Despite concerted efforts by many US organizations to improve security awareness among users, a new study shows they still have a long way to go.
Some 75% of respondents today pose a moderate or severe risk to their company’s data, according to MediaPRO's third annual State of Privacy and Security Awareness Report, and 85% of finance workers show some lack of data security and privacy knowledge.
Tom Pendergast, chief security and privacy strategist at security awareness and training provider MediaPRO, says the firm surveyed more than 1,000 employees across the United States to quantify the state of privacy and security awareness in 2018. More people fell into the risk category this year than in 2017 – and that number had nearly doubled since the inaugural survey, he says.
"The overall results revealed a trend we weren't happy to see, that employees performed worse across the board compared to the previous year," Pendergast says. "While I think there's a certain amount of security fatigue from news of all the attacks, if in five years I don't see significant change I will be surprised. There's both a cultural a business awareness of the need to do good work in this area."
MediaPRO based its study on a variety of questions that focus on real-world scenarios, such as correctly identifying personal information, logging on to public Wi-Fi networks, and spotting phishing emails. Based on the percentage of privacy and security-aware behaviors, respondents were assigned to one of three risk profiles: risk, novice, or hero.
Here's a thumbnail of some other notable findings:
1. Employee performance was worse this year across all eight industry verticals measured. Respondents did much worse in identifying malware warning signs, knowing how to spot a phishing email and social media safety.
2. Managers showed riskier behaviors than lower-level employees. Management performed worse than their entry- and mid-level counterparts when asked how to respond to a suspected phishing email. Only 69% of managers chose the correct answer vs. 86% of lower-level employees. And nearly one in six management-level respondents – 17% - chose to open an unexpected attachment connected to a suspected phishing email.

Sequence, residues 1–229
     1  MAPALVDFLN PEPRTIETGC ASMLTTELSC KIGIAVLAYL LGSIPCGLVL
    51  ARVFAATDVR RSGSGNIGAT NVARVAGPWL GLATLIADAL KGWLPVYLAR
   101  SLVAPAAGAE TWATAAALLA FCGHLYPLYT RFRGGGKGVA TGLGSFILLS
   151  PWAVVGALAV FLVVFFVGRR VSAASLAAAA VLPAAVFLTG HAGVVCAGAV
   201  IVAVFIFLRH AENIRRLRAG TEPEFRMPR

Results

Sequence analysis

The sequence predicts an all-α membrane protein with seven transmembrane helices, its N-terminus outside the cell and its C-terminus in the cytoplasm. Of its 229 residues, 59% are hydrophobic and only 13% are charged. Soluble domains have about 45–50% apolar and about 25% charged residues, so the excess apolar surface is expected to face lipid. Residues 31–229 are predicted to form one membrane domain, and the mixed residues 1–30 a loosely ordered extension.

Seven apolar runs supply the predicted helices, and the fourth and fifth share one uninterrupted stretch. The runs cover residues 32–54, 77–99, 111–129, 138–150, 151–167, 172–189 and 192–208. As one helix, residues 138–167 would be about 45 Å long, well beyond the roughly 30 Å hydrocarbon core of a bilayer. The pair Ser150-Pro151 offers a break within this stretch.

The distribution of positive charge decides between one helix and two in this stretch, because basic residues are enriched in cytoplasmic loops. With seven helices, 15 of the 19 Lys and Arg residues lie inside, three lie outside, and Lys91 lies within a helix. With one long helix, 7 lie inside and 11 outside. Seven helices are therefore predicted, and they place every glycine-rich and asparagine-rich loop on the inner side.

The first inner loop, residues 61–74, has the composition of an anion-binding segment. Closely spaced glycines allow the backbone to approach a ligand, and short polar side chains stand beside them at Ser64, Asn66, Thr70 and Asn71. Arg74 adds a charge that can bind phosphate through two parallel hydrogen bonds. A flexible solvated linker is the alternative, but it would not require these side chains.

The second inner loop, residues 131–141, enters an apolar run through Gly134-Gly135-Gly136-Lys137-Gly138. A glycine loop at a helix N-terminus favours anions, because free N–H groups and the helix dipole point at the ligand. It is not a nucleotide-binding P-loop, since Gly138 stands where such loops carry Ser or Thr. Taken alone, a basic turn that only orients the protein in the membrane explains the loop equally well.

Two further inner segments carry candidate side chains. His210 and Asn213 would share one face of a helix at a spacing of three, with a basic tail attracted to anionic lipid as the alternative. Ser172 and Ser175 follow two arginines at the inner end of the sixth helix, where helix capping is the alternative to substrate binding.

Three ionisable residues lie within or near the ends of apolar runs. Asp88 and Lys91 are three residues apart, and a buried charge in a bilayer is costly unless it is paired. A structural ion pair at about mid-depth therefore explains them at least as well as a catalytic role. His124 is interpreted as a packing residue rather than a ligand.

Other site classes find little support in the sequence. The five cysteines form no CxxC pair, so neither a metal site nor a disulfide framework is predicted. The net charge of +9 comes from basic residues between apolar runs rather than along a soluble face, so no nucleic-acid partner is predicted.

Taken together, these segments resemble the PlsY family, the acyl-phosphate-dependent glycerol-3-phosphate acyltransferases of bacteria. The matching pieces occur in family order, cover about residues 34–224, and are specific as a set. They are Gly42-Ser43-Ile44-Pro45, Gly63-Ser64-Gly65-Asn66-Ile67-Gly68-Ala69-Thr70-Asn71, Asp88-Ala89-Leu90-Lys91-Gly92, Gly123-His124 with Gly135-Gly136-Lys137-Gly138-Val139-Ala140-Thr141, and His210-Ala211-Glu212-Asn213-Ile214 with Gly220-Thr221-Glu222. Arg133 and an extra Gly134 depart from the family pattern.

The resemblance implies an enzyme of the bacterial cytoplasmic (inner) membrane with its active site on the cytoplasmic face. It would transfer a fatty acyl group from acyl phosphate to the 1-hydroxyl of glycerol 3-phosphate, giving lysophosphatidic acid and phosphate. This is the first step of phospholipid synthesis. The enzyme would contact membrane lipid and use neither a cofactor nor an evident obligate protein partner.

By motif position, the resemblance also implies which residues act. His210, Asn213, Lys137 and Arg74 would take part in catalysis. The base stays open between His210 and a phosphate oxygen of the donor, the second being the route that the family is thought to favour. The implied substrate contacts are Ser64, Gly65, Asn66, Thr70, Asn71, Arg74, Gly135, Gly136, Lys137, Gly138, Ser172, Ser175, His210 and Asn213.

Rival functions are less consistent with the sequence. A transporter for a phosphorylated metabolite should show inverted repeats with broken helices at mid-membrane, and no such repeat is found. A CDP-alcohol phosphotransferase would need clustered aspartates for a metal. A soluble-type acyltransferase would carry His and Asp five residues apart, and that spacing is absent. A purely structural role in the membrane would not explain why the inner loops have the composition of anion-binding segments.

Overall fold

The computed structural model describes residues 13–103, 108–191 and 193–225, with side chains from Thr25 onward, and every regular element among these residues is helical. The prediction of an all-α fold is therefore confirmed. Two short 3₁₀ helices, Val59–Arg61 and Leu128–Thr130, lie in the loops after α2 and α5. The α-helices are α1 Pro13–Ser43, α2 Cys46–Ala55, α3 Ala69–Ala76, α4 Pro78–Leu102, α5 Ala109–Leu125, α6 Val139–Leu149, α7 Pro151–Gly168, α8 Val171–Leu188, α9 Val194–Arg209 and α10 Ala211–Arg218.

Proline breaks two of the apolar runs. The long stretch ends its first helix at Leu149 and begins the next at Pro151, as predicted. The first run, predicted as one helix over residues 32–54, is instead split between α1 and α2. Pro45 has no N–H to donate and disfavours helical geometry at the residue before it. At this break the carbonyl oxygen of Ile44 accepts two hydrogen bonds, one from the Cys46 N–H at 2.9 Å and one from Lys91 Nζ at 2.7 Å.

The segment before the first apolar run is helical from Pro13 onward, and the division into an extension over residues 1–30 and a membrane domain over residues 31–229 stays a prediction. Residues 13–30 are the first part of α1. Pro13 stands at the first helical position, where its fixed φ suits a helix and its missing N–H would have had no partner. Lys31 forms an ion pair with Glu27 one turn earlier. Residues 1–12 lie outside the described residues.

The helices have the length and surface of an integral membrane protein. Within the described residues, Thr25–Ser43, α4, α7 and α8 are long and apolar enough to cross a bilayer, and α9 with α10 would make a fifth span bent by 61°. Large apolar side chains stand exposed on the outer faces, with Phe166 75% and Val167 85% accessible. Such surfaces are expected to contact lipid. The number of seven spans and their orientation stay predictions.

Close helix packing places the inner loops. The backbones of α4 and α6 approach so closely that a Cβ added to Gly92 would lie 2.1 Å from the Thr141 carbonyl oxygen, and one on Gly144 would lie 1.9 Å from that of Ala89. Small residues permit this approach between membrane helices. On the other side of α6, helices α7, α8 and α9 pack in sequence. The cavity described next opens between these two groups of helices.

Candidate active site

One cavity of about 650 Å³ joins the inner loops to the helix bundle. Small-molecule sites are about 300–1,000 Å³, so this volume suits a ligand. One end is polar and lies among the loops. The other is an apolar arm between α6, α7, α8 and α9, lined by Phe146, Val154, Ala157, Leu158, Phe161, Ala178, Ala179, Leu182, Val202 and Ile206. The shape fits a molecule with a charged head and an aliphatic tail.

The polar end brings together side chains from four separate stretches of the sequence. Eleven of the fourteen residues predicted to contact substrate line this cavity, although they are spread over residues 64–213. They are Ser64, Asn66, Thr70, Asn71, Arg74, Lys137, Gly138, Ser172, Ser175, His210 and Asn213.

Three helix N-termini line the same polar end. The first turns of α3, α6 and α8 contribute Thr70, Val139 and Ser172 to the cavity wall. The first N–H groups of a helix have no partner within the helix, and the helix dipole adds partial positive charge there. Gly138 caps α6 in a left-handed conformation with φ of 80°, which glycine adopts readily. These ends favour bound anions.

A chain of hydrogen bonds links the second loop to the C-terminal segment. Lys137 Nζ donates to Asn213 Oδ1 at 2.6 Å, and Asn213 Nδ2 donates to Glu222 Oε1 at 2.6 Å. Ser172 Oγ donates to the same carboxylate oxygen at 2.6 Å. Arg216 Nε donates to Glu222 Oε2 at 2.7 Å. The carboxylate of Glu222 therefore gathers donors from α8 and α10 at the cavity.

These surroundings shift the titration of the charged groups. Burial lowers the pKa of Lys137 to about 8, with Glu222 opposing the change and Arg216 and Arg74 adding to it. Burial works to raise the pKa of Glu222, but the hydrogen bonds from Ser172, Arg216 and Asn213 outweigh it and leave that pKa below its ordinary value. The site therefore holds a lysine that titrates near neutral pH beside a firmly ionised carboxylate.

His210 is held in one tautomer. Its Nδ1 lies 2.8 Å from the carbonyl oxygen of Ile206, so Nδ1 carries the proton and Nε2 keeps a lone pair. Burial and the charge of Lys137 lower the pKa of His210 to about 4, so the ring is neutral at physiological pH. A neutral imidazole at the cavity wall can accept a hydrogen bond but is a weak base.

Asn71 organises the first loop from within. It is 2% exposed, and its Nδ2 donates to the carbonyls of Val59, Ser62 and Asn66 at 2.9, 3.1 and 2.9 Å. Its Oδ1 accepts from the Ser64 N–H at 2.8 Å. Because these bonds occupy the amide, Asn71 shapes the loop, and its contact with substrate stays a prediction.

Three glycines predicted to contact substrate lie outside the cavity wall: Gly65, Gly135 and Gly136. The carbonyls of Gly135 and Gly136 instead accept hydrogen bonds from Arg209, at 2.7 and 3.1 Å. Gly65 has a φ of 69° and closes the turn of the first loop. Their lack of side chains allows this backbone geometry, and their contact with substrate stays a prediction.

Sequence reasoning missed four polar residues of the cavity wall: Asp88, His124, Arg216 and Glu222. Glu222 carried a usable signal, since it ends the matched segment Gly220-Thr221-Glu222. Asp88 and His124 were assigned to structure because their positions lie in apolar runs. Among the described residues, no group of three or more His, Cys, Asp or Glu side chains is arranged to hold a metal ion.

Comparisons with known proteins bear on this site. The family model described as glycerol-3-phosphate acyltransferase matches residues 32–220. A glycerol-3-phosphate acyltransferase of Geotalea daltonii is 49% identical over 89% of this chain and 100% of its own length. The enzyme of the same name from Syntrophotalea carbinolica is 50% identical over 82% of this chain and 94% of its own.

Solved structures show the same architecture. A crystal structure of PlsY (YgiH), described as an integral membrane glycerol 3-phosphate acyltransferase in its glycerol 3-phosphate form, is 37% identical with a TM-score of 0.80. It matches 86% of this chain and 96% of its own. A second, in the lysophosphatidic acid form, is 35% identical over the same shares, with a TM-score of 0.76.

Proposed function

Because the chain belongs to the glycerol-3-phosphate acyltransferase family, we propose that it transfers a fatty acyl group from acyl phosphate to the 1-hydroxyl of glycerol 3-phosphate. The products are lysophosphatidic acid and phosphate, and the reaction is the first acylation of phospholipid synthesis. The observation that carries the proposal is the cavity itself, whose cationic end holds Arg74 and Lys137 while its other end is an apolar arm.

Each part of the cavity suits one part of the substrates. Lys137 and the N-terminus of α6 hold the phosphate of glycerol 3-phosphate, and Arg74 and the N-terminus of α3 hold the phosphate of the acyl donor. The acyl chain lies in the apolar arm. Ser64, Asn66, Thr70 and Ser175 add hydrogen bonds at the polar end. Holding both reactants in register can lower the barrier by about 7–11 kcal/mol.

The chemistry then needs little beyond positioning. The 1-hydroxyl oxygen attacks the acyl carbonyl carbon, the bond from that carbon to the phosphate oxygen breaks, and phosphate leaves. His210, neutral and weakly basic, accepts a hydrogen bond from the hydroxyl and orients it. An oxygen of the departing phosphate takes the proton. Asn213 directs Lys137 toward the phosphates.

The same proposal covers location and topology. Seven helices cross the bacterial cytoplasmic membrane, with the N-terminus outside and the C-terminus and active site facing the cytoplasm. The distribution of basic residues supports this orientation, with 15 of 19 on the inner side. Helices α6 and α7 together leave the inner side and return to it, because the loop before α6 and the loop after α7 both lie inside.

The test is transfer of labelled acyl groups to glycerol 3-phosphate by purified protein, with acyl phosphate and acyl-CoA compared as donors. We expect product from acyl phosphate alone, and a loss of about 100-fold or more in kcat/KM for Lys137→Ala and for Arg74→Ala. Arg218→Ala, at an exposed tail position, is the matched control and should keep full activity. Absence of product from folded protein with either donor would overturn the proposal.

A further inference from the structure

3. Finance sector employees performed the worst. Of the seven vertical industry sectors examined, financial employees got the lowest scores. 85% showed some lack of cybersecurity and data privacy knowledge. And, 19% of finance workers thought opening an attachment was an appropriate response to a suspected phishing email.
4. Too many employees could not identity phishing emails. 14% of employees could not identity a phish, a notable increase from 8% in 2017. And, 58% could not define business email compromise.
"We do need to train people people because it lets us reduce the number of incidents," says Frank Dickson, an IDC analyst who covers security. "But it's also the responsibility of the organization to provide the tools to stop these attacks. The organization needs to own this because it's a problem we've had for a long time."
Pendergast says most concerning to him was that some survey takers did not always know how to respond properly to a suspected phishing attempt. For example, when asked how to correctly respond to a phishing email, 10% say they would open the content to verify it contents; and another 8% say they would click on a link to verify the legitimacy of the website it leads to.
While 81% say they would report the suspected phishing email to their IT department – the correct response – Pendergast says those numbers are alarming given that that attackers only need one mistake to be successful.
"It only takes one person to click on the wrong email that lets in the malware that exfiltrates your company’s data," Pendergast says. "Without everybody being more vigilant, people and company data will continue to be at risk."
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